Unfolding the magic of miniatures

A WORLD in inches, this is life shrunk to a small size. And the biggest collection of this "art of the tiny'' is now just round the corner for Delhiites. Showcasing the hallmark of painting in India - miniatures - is a new gallery that has come up at the National Museum on Janpath.

Bringing alive the myths, stories and legends of the kings and queens, it chronicles a tradition that has survived for centuries. The collection at the National Museum, for the first time, gives space to more than just the commonly known Moghul school of miniature paintings. With images of the murals in Ajanta to paintings on palm-leaf and cloth-strips to finally paper, it is easy to see the different styles of miniatures as well as the changes that took place with the shift.

More than just a celebration of the artist's skill, miniatures have their own unique place in history as well. Used by Akbar to preserve his valour in colour, they are also frozen images of royalty within their gorgeous borders. While Shahjahan built the symbol of eternal love for his wife, Jahangir immortalised his queen Nurjahan in a miniature. And unlike the Taj, this tribute to love is not far away.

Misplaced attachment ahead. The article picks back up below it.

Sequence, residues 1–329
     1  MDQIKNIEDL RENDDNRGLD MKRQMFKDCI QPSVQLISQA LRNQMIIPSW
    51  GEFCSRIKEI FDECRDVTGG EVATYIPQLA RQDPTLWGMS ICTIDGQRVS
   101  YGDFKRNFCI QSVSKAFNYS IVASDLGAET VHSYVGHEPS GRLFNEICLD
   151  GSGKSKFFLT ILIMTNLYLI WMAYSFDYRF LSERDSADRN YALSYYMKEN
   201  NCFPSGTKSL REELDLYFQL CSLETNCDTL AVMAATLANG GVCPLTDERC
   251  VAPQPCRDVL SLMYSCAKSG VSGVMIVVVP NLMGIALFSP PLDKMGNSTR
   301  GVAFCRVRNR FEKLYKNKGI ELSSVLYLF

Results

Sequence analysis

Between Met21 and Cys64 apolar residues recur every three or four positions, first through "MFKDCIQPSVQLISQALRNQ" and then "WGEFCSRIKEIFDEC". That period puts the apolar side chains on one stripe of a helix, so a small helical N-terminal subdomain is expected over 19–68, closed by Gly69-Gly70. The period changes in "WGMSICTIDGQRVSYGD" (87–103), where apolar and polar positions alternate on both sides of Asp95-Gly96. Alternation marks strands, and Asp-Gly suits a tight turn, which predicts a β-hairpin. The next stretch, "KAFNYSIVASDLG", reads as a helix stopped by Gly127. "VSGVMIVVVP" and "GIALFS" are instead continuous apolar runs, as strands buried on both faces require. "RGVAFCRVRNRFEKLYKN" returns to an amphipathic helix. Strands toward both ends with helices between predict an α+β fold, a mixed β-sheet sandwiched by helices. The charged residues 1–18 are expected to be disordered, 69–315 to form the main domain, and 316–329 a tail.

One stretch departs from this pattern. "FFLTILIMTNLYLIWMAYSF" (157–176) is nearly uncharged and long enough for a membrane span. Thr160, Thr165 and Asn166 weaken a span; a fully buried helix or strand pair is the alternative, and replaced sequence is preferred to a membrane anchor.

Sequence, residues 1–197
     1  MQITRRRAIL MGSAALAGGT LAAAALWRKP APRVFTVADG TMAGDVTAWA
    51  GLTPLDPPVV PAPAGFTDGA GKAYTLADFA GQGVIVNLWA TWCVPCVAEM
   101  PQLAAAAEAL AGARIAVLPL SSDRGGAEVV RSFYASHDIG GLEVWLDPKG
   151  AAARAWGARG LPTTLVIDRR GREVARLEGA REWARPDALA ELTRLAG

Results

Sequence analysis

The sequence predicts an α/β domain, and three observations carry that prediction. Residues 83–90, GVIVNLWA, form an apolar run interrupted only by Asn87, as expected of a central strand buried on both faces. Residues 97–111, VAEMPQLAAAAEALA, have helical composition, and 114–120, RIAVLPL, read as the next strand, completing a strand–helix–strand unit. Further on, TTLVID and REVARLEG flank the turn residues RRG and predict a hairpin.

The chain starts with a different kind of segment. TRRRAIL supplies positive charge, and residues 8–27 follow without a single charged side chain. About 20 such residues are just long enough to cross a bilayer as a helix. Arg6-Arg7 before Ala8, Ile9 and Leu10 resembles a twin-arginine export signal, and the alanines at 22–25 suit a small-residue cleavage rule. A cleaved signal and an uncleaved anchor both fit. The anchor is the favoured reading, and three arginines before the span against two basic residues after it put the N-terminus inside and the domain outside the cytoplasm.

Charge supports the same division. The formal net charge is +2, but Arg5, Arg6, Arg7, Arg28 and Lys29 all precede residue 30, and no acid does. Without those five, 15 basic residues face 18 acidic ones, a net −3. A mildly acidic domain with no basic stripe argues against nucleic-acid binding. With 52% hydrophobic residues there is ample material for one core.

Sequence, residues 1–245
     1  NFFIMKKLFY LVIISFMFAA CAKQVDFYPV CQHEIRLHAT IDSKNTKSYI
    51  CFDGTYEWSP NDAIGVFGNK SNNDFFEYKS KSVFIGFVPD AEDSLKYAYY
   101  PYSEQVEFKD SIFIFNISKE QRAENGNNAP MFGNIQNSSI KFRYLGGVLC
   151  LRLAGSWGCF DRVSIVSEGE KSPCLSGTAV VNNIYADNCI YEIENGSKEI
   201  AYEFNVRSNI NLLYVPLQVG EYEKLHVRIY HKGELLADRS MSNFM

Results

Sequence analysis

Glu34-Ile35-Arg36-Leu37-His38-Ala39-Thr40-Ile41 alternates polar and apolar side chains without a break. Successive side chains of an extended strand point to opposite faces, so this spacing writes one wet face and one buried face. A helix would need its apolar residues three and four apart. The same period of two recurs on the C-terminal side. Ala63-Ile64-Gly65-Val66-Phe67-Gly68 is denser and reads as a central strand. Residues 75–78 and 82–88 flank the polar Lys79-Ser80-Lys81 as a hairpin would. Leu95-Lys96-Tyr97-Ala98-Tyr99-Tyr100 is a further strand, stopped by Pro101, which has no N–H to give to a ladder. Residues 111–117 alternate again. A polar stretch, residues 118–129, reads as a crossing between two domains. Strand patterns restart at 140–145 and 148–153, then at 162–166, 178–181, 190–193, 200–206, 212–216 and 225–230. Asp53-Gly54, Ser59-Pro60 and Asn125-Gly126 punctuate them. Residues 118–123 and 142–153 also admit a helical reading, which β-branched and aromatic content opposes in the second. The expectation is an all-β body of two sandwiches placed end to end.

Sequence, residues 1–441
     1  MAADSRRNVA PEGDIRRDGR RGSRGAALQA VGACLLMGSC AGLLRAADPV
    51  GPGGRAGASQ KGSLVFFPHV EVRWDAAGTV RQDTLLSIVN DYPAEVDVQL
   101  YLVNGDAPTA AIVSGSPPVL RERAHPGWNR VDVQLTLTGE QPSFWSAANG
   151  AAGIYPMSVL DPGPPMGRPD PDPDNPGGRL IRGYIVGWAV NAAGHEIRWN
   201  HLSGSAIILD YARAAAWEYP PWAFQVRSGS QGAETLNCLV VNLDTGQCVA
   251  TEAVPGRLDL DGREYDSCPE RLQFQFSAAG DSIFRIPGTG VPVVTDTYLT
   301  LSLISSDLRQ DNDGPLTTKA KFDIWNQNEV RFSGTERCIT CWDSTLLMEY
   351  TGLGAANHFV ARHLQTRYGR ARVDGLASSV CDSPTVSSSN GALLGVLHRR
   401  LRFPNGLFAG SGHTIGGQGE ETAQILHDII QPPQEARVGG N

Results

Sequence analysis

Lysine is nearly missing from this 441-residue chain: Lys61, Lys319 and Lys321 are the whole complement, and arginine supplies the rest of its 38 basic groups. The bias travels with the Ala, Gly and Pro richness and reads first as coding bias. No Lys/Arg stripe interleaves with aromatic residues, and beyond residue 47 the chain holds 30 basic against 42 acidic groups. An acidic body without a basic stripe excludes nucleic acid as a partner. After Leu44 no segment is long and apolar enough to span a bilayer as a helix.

In an age where photography did not exist, unlike artists abroad who soften aristocratic features in oils, Indian painters preferred stylised versions in miniatures. The Pahari rulers - Siddha Sen, Sansar Chand and Maharaja Ranjit Singh - were all part of these family albums.

With state-of-the-art equipment and modern lighting, this is a part of the National Museum that will certainly stand out. The first of its galleries that lives up to its promise of "world standard'', for people who have not visited the national treasure house for a while, it will definitely be a pleasant change.

This gallery has paintings that have never been seen before. For students who have only studied the influence of European art on Indian paintings, this is a gallery that will give them the chance to "see'' their lesson. With a painting of Jahangir holding the picture of Madonna, this is the place where East meets West.

A `small' journey to the more exotic India, when kings and queens ruled, this new addition to the museum is certainly worth a visit.

By Mandira Nayar

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